The Club Scene: ASK Riga

Oct 16, 2008 by Javier Gancedo, Eurocupbasketball.com Print
The Club Scene: ASK Riga
ASK Riga FIBA general secretary William Jones congratulates center Janis Krumins for winning the 1959 European Cup title. (Photo: Fundacion Pedro Ferrandiz, Spain)A legendary team by any means is set to start making noise again in European club competitions. ASK Riga started a new era when it was reborn in 2005, but its basketball tradition goes back to the late twenties. In fact, ASK was the original European club competitions back in 1958, when it all started. ASK dominated European basketball led by Valdis Muiznieks, Maigonis Valdmanis or big man Janis Krumins, the most unstoppable player of his era. Moreover, it featured head coach Alexander Gomelskiy, a future Hall of Famer. ASK successfully defended its European Cup title in 1959 and three-peated in 1960. Only Split - 1989-91 - was able to match this achievement in more than 50 Years of European club basketball. ASK wants to get back where it started, which is nothing but being an elite team in European club competitions. With a well-defined long-term plan to grow as a club, ASK could take another step forwards by making it to the Eurocup regular season, but it will have to down Cholet in the first qualifying round before challenging Cajasol in early November.

Founded in the late twenties, ASK Riga started to compete in the Latvian League second division in the 1929-30 season. It was not until 1932 when ASK promoted to the Latvian first division, finishing fifth overall. Latvia won the first-ever EuroBasket in 1935 with two players from ASK - Martins Grundmanis and Janis Lindman, which shows how important the club was becoming. A title was needed to confirm its status but ASK was second in 1938 and 1939, losing the final both times against Starts. In EuroBasket 1939, as many as six ASK players helped Latvia to win the silver medal. ASK finally managed to win back-to-back Latvian League titles in 1940 and 1941. Basketball fever was all over Riga and fans were full of enthusiasm. ASK stayed competitive for the next decade, but when Krumins stepped up, the club went from good to unstoppable.

Colonel Aleksandar Gomelskiy marches with his ASK Riga team. ASK and Gomelskiy won three consecutive European Cup titles from 1958 to 1960. (Photo: Fundacion Pedro Ferrandiz, Spain)Krumins was a 218cm center who had not played organized basketball until age 23 but who soon become the best Latvian player ever. He was a carpenter before playing basketball, but soon starting improving since he joined ASK Riga in 1954. It was coach Gomelskiy who brought him in. It was a history-changing decision, as Krumins would lead ASK, together with Muiznieks and Valdmanis, to its glory days. He finished his career in nearby VEF Riga and was a three-time Olympic finalist, winning silver medal in Melbourne 1956, Rome 1960 and Tokyo 1964. He changed so many shots and intimidated so much that he was the equivalent to Bill Russell in European club basketball. ASK had won another Latvian championship in 1953, still without Krumins but already with coach Gomelskiy . The Soviet Union League was created right after that and ASK would start to dominate. With Krumins already being a dominant force, ASK would win as many as four consecutive Soviet Union League titles from 1955 to 1958. The best, however, was yet to come.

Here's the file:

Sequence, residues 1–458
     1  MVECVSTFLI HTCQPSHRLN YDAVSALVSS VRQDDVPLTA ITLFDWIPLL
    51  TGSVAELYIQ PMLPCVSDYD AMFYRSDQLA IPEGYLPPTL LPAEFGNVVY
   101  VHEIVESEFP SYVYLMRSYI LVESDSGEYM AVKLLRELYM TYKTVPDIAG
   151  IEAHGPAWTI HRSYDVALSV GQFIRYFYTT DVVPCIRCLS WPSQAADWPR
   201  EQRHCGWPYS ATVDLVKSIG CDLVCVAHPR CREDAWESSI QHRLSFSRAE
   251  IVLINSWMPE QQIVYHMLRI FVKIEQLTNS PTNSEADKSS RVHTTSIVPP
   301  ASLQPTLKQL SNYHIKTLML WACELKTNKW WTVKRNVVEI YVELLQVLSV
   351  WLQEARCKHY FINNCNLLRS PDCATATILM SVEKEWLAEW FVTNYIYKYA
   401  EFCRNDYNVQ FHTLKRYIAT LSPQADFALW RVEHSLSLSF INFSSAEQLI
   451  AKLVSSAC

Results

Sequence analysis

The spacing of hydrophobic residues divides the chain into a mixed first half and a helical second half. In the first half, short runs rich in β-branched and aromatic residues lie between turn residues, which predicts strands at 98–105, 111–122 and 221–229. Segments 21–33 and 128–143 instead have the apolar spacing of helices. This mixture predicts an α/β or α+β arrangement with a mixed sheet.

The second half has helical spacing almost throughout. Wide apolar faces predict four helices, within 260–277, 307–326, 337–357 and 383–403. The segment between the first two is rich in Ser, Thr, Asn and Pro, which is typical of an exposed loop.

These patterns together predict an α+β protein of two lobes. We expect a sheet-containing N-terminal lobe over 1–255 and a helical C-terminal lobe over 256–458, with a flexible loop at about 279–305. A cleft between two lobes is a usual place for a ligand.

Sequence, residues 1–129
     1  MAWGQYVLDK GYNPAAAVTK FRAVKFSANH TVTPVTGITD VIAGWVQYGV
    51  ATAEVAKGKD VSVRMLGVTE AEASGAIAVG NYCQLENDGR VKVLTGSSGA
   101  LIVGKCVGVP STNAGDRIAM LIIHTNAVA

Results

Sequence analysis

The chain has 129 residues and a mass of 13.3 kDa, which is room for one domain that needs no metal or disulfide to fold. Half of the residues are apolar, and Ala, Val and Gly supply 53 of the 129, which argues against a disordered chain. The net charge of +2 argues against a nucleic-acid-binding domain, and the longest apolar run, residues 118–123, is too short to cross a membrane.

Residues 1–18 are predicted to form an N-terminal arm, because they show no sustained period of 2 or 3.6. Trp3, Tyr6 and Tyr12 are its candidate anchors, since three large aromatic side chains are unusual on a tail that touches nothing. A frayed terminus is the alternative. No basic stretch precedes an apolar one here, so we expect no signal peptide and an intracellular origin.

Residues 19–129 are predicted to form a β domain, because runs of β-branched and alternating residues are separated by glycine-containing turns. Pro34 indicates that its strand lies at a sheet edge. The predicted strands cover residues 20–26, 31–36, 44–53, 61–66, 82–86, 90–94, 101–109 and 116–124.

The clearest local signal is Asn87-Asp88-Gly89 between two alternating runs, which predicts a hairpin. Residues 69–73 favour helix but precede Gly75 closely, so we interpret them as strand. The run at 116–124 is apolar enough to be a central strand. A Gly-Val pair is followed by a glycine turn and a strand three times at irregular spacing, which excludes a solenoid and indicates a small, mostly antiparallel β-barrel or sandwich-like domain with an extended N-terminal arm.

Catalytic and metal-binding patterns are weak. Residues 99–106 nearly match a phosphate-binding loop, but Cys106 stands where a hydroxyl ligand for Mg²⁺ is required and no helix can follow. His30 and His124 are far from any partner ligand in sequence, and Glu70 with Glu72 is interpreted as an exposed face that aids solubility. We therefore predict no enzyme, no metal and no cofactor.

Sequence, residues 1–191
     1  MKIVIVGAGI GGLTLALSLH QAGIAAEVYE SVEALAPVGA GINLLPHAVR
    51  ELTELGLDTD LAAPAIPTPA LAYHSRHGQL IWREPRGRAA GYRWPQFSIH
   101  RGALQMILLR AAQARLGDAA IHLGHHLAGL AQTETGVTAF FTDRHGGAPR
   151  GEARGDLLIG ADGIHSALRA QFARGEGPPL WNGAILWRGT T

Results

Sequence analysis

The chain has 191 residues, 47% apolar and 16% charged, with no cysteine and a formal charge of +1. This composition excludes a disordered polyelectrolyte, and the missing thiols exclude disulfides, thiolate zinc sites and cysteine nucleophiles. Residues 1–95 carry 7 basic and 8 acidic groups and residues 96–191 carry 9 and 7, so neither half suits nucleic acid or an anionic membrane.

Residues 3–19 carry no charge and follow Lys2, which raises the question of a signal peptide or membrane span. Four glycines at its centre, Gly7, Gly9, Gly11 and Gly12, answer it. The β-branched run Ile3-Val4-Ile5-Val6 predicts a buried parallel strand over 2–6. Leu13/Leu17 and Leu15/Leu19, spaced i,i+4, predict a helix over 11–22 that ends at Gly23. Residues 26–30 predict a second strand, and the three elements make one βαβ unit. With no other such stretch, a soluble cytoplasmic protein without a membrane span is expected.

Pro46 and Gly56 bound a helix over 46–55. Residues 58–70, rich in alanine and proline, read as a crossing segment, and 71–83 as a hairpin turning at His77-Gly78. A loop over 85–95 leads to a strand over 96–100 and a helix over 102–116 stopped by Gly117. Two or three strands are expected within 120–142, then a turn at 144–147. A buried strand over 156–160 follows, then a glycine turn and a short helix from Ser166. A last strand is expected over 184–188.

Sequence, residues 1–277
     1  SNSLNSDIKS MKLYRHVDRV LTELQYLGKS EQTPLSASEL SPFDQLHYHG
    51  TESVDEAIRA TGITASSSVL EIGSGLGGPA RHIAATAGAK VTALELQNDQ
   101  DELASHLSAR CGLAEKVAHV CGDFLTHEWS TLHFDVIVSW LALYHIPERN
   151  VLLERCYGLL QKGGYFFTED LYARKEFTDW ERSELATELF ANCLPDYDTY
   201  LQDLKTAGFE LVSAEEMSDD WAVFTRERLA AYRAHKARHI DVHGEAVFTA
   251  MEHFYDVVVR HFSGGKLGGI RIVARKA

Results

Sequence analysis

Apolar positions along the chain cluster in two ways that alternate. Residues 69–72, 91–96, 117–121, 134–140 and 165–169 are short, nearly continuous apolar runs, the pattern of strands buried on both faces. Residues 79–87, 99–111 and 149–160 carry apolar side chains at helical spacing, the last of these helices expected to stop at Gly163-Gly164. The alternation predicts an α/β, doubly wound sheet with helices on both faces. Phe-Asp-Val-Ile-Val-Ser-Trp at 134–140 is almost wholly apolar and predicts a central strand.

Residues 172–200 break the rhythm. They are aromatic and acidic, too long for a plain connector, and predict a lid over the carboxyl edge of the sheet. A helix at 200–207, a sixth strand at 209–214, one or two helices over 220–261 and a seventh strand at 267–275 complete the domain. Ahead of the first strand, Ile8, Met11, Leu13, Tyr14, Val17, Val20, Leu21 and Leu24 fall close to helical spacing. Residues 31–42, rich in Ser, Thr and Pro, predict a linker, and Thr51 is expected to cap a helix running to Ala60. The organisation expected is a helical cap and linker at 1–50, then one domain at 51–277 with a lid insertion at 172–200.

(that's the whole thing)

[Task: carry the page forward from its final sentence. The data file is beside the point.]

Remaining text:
The European Cup was created in 1958 and ASK entered it as the reigning Soviet Union champion. ASK thrashed Humbolt Berlin University in the eighthfinals and defeated Legia Warsaw in the quarterfinals. ASK had to face Real Madrid in the semifinals, but the Spanish dictatorship did not allow the Spanish champion to play in the Soviet Union, and would deny Riga any visa to enter the country. As such, ASK walked over to the finals against Bulgarian champ Lukoil Academic. ASK won the first game 84-81 at home and despite facing a strong atmosphere with 17,300 fans in Sofia, Riga swept the series with a 71-84 triumph behind an unstoppable Krumins. Both teams would face again in the 1959 European Cup final, as ASK beat Honved Budapest of Hungary and Lech Poznan of Poland on its way to the title series. ASK thrashed Lukoil 79-58 in the first leg, while Muiznieks led Riga to a 67-69 road win in Sofia to successfully defend its title.